I use the NYC subway each day to and from work. I hop on at 72nd Street and Broadway and hop off at Wall Street. I used the RED line.
Several years ago, NY Transit installed 'emergency' exits at many of their stations. With a simple push on a lever, the emergency door opens and subway customers can leave the station, without going through the turnstiles.
The problem is ...this practice is abused and people push through these exits... without an emergency... AND AN ALARM SIREN GOES OFF.
The alarm is loud and irritating. It's a chronic problem.
Last weekend, I had had enough. I went to the fare booth and asked the attendant for the name of the station supervisor and his phone number. My calling began on Monday. It took half a dozen attempts but ultimately, on Wednesday, I reached Supervisor Langhorne located at Penn Station.
I made formal complaint. Mr. Langhorne said he would have the noise level of the alarm reduced significantly within two days.
That night on my way home, I reached the 72nd street station by 6:30. There were two workmen near the exit door. One was on a ladder, tweaking a mechanical device over the emergency exit door. The man below opened and closed the door several times. The alarm sound was now barely audible.
Thank you Mr. Langhorne.
Note: If you can initiate constructive change in NYC... you can do it anywhere.
Assembly woman Donna Lupardo (D-Endwell) announced that Governor David Paterson has signed legislation (A.8300-A) she authored to help improve air quality by reducing diesel emissions from truck idling. She was joined by representatives of Willow Run Foods and the New York State Motor Truck Association for the announcement at Willow Runs Foods in Kirkwood, today.
The new law (Chapter 434 of 2010) authored by Lupardo will allow trucks to install auxiliary power units (APUs) without diminishing the amount of freight they can legally carry.
An APU provides heating, cooling, and electricity to the sleeper cabs of trucks. An APU can weigh up to 400 pounds, which may not seem like a significant amount, but can easily translate to an additional pallet of freight. The loss of one pallet multiplied over thousands of trips can make the difference in the profit and a loss for trucking companies.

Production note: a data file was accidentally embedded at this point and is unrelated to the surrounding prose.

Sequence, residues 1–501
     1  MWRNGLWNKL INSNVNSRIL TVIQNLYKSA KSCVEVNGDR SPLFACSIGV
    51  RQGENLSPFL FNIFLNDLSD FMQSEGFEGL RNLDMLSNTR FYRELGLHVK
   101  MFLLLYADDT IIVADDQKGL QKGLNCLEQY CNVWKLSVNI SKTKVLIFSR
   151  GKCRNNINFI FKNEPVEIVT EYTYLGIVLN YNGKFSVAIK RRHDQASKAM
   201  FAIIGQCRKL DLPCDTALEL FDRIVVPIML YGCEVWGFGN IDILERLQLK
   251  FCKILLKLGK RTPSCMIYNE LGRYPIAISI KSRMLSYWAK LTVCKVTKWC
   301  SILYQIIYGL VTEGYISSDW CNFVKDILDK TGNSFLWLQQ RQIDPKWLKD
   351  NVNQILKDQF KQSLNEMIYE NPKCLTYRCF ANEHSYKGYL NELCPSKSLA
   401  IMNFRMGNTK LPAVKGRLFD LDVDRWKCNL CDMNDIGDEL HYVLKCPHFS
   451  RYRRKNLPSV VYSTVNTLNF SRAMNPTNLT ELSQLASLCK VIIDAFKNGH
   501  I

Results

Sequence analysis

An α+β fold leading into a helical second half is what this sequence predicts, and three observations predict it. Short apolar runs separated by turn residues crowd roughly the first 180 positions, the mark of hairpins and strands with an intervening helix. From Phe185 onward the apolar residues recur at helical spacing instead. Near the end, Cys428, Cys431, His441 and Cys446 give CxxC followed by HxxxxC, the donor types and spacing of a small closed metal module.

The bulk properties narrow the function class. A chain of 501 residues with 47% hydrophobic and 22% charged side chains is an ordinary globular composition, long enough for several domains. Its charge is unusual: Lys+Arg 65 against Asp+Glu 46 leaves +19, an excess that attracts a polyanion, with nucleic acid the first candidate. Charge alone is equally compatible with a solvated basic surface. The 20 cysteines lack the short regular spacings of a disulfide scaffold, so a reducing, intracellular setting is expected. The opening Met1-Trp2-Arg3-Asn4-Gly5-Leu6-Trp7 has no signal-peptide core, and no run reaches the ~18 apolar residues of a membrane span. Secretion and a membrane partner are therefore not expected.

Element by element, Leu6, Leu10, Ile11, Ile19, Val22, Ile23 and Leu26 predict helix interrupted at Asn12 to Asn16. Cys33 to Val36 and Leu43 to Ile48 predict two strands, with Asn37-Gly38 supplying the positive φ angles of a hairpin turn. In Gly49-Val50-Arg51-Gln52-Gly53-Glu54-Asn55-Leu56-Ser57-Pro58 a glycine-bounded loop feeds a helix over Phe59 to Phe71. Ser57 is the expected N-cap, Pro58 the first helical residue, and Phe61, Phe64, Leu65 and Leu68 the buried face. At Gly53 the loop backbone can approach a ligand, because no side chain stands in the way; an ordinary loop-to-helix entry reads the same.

Lupardo’s law will encourage trucks to install APUs, which will reduce the idling of diesel engines and improve air quality. Without an APU, a truck would need to run its diesel engine to provide the necessary heating or cooling so that a driver would be able to safely and comfortably meet his or her rest requirements. The use of these units eliminates the need for a commercial vehicle to idle while the driver meets his federally and state mandated rest periods.
The law goes into effect on November 28, 2010.
“Not only do companies need to make a significant monetary investment to install an APU, but they would also lose freight capacity due to the added weight of the device,” said Lupardo, a member of the Transportation Committee in the Assembly. “Now, with this new law, those who install an APU won’t have the additional weight count against them.
Manufacturers and the trucking industry will be able to improve shipping efficiency by shipping more and using less fuel for idling. And by encouraging truck fleets to install APU’s, we can help reduce emissions and improve air quality.
“APU’s help our drivers comply with local idling ordinances, reduce emissions and noise, and save on the costs associated with fuel and maintenance,” said Len Basso, Vice President for Transportation at Willow Run Foods. “Idle times are closely monitored by our company and any opportunity to reduce greenhouse gas emissions and still keep our drivers comfortable during their mandatory berth periods is a significant factor in our decision making process. APU’s are a proven technology and we sincerely appreciate Assemblywoman Lupardo’s efforts in sponsoring this new law which will directly benefit weight-limited trucks and environmentally conscientious companies such as Willow Run Foods, Inc.”
“The New York State Motor Truck Association has always promoted safety and compliance in the trucking industry,” said Michael Chellis, Vice-Chairman for the NYSMTA. “This legislation will enable trucking companies to reduce their idling time without jeopardizing a driver’s safety, while still utilizing their full cargo capabilities. Carriers will no longer have to choose between carrying a full cargo load and reducing emissions. I applaud Assemblywoman Lupardo for her continued efforts in improving the environment in New York. I am confident that we will make great strides in reducing emissions through our continued proactive efforts on the part of the industry, and collaboration with the Legislature on issues such as these.”
The bill was sponsored by Senator David Valesky (D-Oneida) in the state Senate.